How the Constitution Guards Against Tyranny



Tyranny is an harsh and absolute power in hands of one individual like king or dictator, it

is still possible to have tyranny of the few, when several generals or strong religious leaders

seize control or tyranny of the many, when the majority denies rights of the minority. In 1787 fifty five delegates representing the thirteen states established a meeting in Philadelphia in an attempt to fix the national government, which at the time was the Articles of Confederation. One problem with the Articles of Confederation was that it had no chief executive, which was a problem because the role of the president holds a lot of power and responsibility and without it there’d be no control over the executive branch, no representative of the nation, and no leader in other major aspects of government. Another problem with the state representation before the constitution was that there was no way of collecting taxes, which was a problem because it limited the money which could be used as a resource for improving public communities, schools, parks, libraries etc., it also was a problem because it limited the salary in some jobs.The three main ways the Constitution protects against tyranny are by using Federalism to make the state government more powerful and balance it with the central government, equally dividing the power of government between the three branches and making it possible for the three branches of government to check each other and preventing one of the branches from gaining too much power.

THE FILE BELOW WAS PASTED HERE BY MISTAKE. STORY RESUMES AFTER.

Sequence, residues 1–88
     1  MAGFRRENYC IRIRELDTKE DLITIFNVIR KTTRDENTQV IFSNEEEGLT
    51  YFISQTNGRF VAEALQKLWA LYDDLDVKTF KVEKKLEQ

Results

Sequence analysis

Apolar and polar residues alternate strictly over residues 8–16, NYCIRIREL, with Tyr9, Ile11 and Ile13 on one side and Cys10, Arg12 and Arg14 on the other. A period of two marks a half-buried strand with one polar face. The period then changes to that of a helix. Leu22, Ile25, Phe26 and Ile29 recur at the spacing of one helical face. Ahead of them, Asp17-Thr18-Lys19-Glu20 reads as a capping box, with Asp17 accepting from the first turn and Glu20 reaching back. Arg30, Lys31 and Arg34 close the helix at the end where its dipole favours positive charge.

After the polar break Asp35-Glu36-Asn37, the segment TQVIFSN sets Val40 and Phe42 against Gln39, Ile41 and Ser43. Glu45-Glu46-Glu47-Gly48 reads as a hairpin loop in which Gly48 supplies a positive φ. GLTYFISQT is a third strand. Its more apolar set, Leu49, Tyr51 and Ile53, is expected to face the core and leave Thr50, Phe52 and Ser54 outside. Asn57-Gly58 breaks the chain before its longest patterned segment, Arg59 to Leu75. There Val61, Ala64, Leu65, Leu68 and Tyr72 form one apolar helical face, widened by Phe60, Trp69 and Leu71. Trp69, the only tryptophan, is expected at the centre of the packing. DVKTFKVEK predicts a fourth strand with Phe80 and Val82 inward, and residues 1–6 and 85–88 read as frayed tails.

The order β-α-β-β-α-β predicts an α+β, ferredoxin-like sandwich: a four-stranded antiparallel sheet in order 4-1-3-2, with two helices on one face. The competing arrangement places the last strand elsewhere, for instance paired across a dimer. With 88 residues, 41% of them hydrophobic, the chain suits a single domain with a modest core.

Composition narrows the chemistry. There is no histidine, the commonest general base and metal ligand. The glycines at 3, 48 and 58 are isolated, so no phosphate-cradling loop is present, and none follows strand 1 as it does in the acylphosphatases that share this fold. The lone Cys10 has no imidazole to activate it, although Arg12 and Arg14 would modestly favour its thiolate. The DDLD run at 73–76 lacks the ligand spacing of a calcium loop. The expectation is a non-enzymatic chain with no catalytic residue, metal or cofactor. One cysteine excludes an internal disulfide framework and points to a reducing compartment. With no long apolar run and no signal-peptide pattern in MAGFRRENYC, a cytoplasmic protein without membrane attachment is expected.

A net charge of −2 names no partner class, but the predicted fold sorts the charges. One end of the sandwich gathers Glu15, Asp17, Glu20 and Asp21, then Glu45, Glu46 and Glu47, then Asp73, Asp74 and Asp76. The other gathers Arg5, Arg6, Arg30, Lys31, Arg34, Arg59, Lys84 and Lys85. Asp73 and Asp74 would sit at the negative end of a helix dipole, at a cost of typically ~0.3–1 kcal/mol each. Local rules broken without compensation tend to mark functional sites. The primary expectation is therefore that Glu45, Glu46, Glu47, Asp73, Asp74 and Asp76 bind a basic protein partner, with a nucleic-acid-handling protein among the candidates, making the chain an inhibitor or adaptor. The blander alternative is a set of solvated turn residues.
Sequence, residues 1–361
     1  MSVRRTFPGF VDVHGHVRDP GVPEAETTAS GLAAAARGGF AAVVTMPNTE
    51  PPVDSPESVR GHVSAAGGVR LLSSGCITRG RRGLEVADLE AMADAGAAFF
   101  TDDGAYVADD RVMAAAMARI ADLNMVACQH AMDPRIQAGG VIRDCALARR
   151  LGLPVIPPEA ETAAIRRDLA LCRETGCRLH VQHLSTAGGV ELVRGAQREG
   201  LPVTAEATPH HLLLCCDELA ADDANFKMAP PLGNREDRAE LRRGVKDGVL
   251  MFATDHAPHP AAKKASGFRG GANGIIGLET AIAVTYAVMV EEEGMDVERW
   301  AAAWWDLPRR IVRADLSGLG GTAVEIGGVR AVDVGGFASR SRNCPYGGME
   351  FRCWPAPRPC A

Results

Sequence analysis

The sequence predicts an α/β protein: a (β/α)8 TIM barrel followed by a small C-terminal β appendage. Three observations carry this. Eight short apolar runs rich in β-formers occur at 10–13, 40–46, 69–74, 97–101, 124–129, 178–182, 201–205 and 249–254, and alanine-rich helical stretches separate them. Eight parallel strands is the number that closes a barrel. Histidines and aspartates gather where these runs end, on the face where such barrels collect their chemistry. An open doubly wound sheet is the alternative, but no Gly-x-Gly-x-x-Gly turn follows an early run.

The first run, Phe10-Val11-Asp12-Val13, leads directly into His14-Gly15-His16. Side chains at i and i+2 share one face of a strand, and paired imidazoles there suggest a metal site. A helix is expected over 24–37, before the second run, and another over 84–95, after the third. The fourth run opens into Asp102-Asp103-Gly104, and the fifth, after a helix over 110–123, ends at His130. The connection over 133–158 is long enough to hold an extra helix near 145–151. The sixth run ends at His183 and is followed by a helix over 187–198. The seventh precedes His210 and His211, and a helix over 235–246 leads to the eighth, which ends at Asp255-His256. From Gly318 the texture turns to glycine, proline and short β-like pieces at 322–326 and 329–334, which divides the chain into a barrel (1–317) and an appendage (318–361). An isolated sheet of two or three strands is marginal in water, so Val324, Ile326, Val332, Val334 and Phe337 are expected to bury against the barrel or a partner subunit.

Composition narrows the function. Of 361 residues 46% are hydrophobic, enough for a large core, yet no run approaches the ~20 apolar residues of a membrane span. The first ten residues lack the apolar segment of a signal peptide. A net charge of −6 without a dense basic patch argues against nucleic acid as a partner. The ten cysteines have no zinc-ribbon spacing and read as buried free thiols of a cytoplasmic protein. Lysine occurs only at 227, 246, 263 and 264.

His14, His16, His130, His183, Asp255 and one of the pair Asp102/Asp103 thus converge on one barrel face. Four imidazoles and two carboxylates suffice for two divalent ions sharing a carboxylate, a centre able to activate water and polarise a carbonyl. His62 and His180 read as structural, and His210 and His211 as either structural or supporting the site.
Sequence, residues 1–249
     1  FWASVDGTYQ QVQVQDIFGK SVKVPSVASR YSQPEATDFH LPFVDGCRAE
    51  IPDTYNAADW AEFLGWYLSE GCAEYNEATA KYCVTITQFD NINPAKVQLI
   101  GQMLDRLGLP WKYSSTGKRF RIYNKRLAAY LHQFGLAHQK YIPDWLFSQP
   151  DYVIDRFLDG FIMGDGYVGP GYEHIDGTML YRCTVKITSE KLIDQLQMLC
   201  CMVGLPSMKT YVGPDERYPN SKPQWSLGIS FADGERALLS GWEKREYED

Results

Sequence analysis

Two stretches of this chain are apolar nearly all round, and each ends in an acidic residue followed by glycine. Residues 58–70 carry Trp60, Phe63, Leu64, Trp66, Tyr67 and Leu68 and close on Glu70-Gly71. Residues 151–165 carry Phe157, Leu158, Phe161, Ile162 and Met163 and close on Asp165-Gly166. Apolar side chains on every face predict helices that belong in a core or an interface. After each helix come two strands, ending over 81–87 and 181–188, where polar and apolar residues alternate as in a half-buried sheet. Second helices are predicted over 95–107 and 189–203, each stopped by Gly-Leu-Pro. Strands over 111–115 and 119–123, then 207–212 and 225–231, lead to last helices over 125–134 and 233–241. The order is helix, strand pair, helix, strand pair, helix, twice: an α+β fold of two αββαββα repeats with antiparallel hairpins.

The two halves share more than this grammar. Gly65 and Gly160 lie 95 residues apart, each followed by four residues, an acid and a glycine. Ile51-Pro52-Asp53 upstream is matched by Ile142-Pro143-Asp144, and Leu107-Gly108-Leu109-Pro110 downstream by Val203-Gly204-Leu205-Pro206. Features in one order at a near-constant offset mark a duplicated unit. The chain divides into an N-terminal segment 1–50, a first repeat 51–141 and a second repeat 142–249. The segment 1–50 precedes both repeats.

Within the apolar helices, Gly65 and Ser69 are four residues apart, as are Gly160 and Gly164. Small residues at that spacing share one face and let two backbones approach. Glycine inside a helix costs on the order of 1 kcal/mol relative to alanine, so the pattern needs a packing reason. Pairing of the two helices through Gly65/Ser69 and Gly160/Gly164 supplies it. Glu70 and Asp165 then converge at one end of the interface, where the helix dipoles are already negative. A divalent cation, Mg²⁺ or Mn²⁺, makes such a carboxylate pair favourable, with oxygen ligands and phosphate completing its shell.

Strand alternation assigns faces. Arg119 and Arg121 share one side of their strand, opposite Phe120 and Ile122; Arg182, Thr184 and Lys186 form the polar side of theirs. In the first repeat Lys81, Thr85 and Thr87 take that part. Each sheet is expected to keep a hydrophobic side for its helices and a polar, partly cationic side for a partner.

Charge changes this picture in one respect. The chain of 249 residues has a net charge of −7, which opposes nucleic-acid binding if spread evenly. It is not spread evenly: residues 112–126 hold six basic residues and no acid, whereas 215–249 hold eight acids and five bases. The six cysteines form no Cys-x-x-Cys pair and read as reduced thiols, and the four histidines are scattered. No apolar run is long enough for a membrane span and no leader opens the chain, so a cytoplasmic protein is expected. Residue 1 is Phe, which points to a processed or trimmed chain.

Federalism is included in the Constitution to protect the United States from tyranny.

Document A suggests that “the power surrendered by the people is first divided between two

distinct governments - state and federal” and “Hence a double security arises to the rights of the people.The different governments will each control each other, at the same time that each will be controlled by itself”. These quotes show the reader that the Constitution protects against tyranny because it divides government into state and central, this type of government is also called Federalism. This type of compound government protects against tyranny by preventing central government from gaining too much power and gives the states some power too. For example the states are able to set up local governments, hold elections, establish schools regulate in-state businesses and pass marriage and divorce laws while the central government can regulate trade, conduct foreign relations, provide army and navy, declare wars print and coin money etc. This shows that the states have power to control anything inside their state and the central government is responsible for international transactions.

A second way Constitution protects against tyranny is that it divides the government into three subsections, branches, which are - Legislative, Executive and Judicial. According to the document B “Liberty requires that the three great departments of power should be separate and distinct”. This quote is significant to show the Constitution protects against tyranny because it prevents one branch from becoming too powerful and validating our rights or the rights of other branches.